Buying a Home with Bad Credit: 9 Steps

Buried under paperwork.

There are many reasons you might have a poor credit rating. Problems such as lack of gainful employment opportunities, expensive medical bills or other situations can lead you to have been late with bill payments or to have defaulted on loans. This all adds up to a low credit score which can create a host of problems for you, particularly when it comes to funding large purchases.

If you are in such a situation, you may think that your desire to own a home is one that will never be realized. However, the following nine steps will show you how to turn your situation around and become a proud homeowner in a surprisingly short amount of time. Give consideration to the following nine tips, and you may finding yourself holding the keys to your new home before you know it.

#1 Review Your Credit Report

There are three different credit reporting agencies. They are Equifax®, Experian® and TransUnion®. The information these companies have about you may differ slightly from report to report. You can request a copy of your credit report from each agency for free once a year. According to eHow.com, "All three companies use AnnualCreditReport.com to streamline the request process. This website is sanctioned by the government." You should feel safe requesting copies of your reports through that site.

Contact each company individually to receive your credit reports and then review them carefully. You may find errors, such as reports of owed debts which have, in fact, been repaid or even someone else’s credit information, as can happen, particularly when two people with the same name share an address. Clearing up errors on your credit report is not easy, and it does take time, but it is the fastest way to get your credit score up.

#2 Seek the Help of a Credit Counseling Service

If you are struggling to clear up your debts and reverse your poor credit, some financial experts, such as Suze Orman, may recommend the services of a reputable credit counseling company. These agencies can help you arrange easier payment schedules and teach you ways to budget and better handle your money. Not only can a credit counseling enable you to improve your credit by using methods you might have otherwise overlooked, your pro-active step of working with such an agency can make you look more appealing in the eyes of a lender.

It may take between two and four years to improve your overall credit rating, but it will be worth it if you want to be able to get a traditional mortgage at a reasonable interest rate. The Better Business Bureau advises that before you work with a credit counseling service, you make certain that it is fully licensed and accredited.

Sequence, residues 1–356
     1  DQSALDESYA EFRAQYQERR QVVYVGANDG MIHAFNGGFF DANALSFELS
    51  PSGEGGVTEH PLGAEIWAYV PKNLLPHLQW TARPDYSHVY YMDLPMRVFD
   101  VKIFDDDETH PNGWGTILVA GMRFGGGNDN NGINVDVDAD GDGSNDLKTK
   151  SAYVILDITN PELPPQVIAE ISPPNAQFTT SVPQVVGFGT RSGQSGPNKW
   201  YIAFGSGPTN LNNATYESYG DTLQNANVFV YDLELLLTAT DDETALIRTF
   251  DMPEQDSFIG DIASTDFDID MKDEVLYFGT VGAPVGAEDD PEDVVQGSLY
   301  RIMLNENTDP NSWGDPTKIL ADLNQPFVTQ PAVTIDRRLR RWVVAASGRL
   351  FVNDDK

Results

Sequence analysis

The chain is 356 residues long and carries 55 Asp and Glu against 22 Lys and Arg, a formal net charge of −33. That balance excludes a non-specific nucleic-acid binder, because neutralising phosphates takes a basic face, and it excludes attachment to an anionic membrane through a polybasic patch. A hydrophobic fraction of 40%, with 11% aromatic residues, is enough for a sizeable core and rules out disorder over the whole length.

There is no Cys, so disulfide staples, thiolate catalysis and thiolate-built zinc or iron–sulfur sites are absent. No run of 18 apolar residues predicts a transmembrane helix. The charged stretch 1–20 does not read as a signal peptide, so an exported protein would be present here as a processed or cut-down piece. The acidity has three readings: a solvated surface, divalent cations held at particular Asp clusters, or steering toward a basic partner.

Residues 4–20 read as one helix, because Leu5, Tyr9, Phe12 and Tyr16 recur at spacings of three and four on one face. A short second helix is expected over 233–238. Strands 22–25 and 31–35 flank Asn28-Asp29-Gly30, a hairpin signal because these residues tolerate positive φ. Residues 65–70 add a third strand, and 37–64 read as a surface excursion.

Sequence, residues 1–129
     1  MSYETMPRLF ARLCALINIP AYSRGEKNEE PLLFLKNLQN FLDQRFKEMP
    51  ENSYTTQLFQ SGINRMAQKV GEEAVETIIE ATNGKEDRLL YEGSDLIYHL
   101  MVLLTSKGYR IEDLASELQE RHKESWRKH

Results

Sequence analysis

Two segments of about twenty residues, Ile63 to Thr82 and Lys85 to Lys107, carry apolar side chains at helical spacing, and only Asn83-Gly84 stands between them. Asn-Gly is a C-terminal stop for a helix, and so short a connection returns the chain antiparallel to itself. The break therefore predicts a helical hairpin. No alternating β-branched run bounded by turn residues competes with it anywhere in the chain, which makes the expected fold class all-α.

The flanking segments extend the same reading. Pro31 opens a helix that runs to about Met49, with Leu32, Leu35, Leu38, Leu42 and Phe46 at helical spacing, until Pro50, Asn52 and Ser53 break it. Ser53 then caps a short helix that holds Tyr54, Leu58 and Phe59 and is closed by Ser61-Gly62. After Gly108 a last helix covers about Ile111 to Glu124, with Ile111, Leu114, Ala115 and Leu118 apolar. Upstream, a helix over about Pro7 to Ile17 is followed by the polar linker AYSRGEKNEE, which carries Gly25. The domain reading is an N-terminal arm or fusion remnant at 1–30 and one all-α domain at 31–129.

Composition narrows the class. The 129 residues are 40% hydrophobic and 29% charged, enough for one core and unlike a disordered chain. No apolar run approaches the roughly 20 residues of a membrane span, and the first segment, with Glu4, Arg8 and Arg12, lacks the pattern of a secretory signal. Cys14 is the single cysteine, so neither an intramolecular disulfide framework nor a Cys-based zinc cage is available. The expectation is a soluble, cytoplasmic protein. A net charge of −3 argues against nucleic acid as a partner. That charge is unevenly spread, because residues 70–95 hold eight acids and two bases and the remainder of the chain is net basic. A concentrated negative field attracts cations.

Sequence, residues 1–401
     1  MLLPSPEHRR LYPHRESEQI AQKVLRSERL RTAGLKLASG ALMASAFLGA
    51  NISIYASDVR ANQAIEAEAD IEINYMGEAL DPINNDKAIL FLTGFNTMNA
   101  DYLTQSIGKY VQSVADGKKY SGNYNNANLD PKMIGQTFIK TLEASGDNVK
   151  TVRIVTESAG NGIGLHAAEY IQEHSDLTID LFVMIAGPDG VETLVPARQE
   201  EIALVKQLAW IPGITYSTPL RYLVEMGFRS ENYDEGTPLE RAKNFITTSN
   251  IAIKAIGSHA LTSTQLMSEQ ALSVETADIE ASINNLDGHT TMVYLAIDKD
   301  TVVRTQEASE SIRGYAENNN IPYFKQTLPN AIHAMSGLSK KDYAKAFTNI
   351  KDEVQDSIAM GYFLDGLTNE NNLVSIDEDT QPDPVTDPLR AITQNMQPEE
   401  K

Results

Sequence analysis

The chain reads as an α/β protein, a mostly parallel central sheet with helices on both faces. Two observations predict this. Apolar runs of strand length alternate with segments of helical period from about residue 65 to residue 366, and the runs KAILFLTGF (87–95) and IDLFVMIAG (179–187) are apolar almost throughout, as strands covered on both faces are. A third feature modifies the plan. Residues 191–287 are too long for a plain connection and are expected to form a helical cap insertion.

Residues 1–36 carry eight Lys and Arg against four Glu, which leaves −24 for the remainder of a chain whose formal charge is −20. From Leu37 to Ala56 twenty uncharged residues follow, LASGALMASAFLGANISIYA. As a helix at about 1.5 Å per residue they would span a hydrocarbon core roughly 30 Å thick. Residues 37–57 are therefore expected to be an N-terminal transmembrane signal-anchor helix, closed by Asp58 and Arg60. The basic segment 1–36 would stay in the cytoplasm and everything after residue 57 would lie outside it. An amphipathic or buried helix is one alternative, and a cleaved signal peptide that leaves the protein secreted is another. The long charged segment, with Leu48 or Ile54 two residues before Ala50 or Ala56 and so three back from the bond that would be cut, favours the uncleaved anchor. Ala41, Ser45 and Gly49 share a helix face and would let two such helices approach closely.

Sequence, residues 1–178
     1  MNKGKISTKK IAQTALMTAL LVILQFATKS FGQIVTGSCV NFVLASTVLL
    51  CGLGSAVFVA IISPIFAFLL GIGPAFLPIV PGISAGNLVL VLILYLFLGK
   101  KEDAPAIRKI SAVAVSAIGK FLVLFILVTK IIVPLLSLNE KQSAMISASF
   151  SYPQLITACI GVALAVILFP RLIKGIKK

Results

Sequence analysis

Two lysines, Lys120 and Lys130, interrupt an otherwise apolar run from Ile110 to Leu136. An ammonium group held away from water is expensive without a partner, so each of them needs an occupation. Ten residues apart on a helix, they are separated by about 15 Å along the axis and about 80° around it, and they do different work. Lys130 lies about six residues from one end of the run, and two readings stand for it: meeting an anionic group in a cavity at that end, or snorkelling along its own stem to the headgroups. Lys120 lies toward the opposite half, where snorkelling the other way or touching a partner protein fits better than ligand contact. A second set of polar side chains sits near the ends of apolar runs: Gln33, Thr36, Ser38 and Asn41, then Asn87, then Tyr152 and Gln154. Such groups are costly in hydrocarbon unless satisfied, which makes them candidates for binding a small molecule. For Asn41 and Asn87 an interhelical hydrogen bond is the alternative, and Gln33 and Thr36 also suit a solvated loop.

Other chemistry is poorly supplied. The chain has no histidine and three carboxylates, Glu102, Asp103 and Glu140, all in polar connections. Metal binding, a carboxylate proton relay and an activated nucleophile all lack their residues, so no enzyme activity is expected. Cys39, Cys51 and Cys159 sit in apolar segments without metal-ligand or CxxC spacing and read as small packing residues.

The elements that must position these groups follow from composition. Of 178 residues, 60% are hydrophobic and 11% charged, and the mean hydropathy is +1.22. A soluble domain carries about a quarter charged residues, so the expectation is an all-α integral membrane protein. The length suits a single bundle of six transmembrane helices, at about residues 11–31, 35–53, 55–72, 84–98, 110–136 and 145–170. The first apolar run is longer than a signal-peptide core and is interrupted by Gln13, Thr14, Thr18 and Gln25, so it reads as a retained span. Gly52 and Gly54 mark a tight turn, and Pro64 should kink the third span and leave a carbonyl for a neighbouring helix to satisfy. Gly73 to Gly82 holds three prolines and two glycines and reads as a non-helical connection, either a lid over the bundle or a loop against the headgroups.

#3 Be Willing to Accept a High Interest Rate

If you do not want to wait until your credit has improved, understand that if you are approved for a mortgage, you will likely be expected to pay significantly higher interest rates than the average consumer. According to Kathy Richards at CreditInfoCenter.com, those with poor credit can pay rates that are as much as double the rates that consumers with good credit are asked to pay. This means that your monthly payments will be higher, so you may have to settle for a more inexpensive house than you originally had in mind.

It is worth bearing in mind, however, that a higher interest rate will not only mean larger mortgage payments, it will mean a much larger sum of money will be paid to interest. For example, if you borrow $120,000 on a 30-year mortgage as a competitive rate of 4.5%, you will end up paying $98,888 in interest over the course of your loan. If you take out that same loan at a higher interest rate of, say, 6 percent, you will end up paying a total of $139,005 in interest. In this case, you would save about $40,000 by improving your credit score before applying for a mortgage.

#4 Avoid Adjustable Rate Interest Mortgages

Beth Braverman of CNN Money warns against falling into the trap of accepting an adjustable-rate mortgage to get a lower interest rate. The way these mortgages work is that you are quoted a rather low interest rate and this rate is fixed for a given number of years, usually between one and five. When this time period ends, you mortgage rate will fluctuate based on the going rates at the time.

Right now, mortgage rates are extremely low, but chances are good that in five years or so, they will be significantly higher. In this case, even the higher rate you might be asked to pay for a traditional fixed-rate mortgage may be lower than what your rate on an adjustable rate mortgage may end up being. Unless you are certain that you will be selling your home and moving on within a few short years, an adjustable-rate mortgage will likely only cost you more money in the long run.